We returned from our lunch at around 3.30 on Thursday afternoon, completely full up, warm (until we got home) and very happy. I took a few shots on the way up through the village, and down again, and then settled in for an evening with the godson, who was staying overnight as his mum was on the early boat to Rhodes on Friday. The boat, despite the winds, was on time, not that I saw it. I heard it through the wind and the closed shutters; the wind died away later in the morning leaving the day bright and clear, and cold. I know some places already have snow and minus degrees at night and we are hovering around 10 degrees out of the wind, but still, it feels cold here after a summer that reached 40 + degrees in the shade.
As for lunch: we were invited to Yianni and Katerina’s house where everything was already festive, the tree up and the discrete and charming decorations placed around the sitting room and kitchen. We were offered something of a feast. Katarina was next door finishing off the Bakaliaros when we arrived; she had cooked at a neighbour’s house so that our enjoyment wouldn’t be overshadowed by the smell of fried fish. The skordalia was already set out and there was a rather generous pot of moussaka each already and waiting, plus fresh beetroot and a salad, and bread. Needless to say, it was delicious and well received and no none went hungry.
The conversation flowed surprisingly well, with Yianni occasionally translating our Greek into real Greek for his wife, but generally we were able to keep the chat going beyond, ‘This is lovely; and ‘No more, thank you!’ and we talked about books, the weather, the house, friends in common and the wedding on Sunday.
If you are interested to make Bakaliaros yourself, it’s about as close to good old British ‘fish and chips’ as you’re likely to find around here and pretty simple. (Just replace curry sauce with garlic sauce, recipe included below.) Here’s a version I pulled off a website: http://www.kalofagas.ca/2009/03/25/bakaliaros-skordalia/
Approx. 1lb. of salt cod fillets (soaked & water changed 3-4 times until salt is removed)
1 bottle of beer
3/4 cup of all-purpose flour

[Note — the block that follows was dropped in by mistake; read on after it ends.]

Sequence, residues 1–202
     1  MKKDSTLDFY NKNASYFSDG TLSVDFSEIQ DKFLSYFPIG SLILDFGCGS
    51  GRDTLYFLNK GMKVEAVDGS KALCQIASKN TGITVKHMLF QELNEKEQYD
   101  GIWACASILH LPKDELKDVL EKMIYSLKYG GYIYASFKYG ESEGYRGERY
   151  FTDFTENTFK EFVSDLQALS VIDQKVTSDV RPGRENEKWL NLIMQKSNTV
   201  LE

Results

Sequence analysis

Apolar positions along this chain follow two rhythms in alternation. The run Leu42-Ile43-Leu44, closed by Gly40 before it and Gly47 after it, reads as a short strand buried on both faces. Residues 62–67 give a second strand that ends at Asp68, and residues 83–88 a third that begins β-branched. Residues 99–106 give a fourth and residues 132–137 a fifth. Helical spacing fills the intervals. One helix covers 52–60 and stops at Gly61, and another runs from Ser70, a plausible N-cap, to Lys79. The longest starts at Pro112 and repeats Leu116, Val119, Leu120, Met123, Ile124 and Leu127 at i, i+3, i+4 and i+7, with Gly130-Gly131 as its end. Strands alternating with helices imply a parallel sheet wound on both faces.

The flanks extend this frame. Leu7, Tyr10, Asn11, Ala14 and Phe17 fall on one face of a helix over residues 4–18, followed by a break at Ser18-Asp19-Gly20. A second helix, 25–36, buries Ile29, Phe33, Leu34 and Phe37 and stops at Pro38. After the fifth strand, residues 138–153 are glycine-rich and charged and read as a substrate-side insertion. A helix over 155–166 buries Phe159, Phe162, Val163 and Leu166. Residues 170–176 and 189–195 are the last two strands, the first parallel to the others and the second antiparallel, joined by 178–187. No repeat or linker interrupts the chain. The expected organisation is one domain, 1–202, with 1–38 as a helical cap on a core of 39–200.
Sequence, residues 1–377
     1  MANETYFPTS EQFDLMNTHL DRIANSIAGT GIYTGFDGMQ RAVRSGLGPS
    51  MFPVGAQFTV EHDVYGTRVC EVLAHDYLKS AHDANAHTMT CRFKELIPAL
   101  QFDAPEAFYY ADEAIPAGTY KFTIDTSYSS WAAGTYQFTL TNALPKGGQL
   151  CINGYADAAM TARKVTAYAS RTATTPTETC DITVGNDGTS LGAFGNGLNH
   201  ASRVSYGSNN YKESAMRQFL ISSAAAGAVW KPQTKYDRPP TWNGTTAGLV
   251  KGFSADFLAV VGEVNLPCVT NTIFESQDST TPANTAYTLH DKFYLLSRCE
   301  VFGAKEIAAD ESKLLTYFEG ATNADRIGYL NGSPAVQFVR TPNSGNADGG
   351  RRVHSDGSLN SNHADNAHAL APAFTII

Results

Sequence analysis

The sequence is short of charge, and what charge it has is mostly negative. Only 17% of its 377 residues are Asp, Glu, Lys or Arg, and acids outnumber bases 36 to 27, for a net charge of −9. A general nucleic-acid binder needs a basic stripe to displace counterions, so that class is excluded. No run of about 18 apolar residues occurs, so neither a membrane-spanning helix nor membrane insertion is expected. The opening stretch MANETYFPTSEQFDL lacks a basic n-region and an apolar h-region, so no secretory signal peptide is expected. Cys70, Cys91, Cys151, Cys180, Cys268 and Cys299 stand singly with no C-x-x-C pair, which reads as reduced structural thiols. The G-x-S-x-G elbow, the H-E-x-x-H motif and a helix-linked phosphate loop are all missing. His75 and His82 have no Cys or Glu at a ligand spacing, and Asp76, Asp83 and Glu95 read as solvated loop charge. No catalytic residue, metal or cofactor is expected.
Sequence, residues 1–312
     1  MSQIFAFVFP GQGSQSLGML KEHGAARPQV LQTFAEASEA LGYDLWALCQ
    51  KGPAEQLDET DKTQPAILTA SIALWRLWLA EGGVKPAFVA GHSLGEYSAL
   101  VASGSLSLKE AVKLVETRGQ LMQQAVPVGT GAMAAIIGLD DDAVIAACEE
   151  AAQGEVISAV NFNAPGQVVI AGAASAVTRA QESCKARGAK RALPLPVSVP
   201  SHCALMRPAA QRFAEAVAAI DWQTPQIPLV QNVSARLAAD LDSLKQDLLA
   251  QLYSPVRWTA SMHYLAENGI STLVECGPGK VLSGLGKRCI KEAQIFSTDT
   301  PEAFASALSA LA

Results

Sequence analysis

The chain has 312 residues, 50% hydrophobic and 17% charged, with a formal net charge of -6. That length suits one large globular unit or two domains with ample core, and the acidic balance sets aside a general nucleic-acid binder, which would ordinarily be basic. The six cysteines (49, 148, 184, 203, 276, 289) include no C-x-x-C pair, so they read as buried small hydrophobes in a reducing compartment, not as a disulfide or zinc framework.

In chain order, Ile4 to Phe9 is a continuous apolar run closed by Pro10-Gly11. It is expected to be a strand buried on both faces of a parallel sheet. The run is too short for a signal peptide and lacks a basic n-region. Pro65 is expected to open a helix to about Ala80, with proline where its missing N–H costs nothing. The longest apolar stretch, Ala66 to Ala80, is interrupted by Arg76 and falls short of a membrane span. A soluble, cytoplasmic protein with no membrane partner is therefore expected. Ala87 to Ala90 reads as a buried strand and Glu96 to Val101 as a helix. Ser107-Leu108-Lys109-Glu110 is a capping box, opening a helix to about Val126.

3/4 cup of corn starch
salt and pepper to taste
flour for dredging
sunflower oil for frying
3 Russet (starchy) potatoes
5-6 cloves of garlic, minced
approx. 1/2 cup of extra-virgin olive oil
good wine vinegar to taste
sea salt to taste
Place your potatoes (skins on) in a pot of water that’s lightly salted. Bring to a boil and then reduce to a simmer and cover. Boil until the potatoes are fork tender. Allow the potatoes to cool or drain and replace the pot with cold water to speed the cooling process.
When the potatoes are cool enough to handle, peel with the back of your knife and pass through a ricer. Add your minced garlic and mix with a fork. Pour a slow stream of olive oil while continuing to stir. Add sea salt and some wine vinegar and taste and adjust seasoning. Cover with cling wrap and set aside (or place in the fridge if making much ahead of time).
After you’ve sufficiently soaked your salt cod, pat dry and cut into small portions. Season with salt and pepper and dredge in flour and set aside.
Add all your dry ingredients in to a bowl and mix with a fork. Now while whisking, gradually add the beer to the flour until you get a thick batter (slightly thinner than pancake batter). Drink any remaining beer.
Heat your oil (about 2 inches deep) to about 360F and then dip your cod fillets in the batter then place carefully into the hot oil. Fry in batches until golden brown. Place the fried fillets on a platter covered in paper towels. Sprinkle some sea salt on them, serve with lemon wedges, Skordalia and some Vlita.